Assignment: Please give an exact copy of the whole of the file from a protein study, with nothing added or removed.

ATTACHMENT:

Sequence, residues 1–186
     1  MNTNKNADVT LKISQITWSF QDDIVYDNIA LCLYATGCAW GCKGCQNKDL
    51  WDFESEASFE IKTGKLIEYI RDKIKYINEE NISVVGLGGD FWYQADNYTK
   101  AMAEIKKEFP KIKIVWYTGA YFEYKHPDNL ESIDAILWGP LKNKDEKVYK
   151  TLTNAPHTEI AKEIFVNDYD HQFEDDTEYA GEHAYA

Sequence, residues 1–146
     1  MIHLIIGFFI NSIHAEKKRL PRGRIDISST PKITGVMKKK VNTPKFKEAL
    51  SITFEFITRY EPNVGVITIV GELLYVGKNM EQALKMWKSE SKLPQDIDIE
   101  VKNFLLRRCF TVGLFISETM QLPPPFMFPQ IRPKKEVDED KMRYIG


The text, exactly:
Sequence, residues 1–186
     1  MNTNKNADVT LKISQITWSF QDDIVYDNIA LCLYATGCAW GCKGCQNKDL
    51  WDFESEASFE IKTGKLIEYI RDKIKYINEE NISVVGLGGD FWYQADNYTK
   101  AMAEIKKEFP KIKIVWYTGA YFEYKHPDNL ESIDAILWGP LKNKDEKVYK
   151  TLTNAPHTEI AKEIFVNDYD HQFEDDTEYA GEHAYA

Sequence, residues 1–146
     1  MIHLIIGFFI NSIHAEKKRL PRGRIDISST PKITGVMKKK VNTPKFKEAL
    51  SITFEFITRY EPNVGVITIV GELLYVGKNM EQALKMWKSE SKLPQDIDIE
   101  VKNFLLRRCF TVGLFISETM QLPPPFMFPQ IRPKKEVDED KMRYIG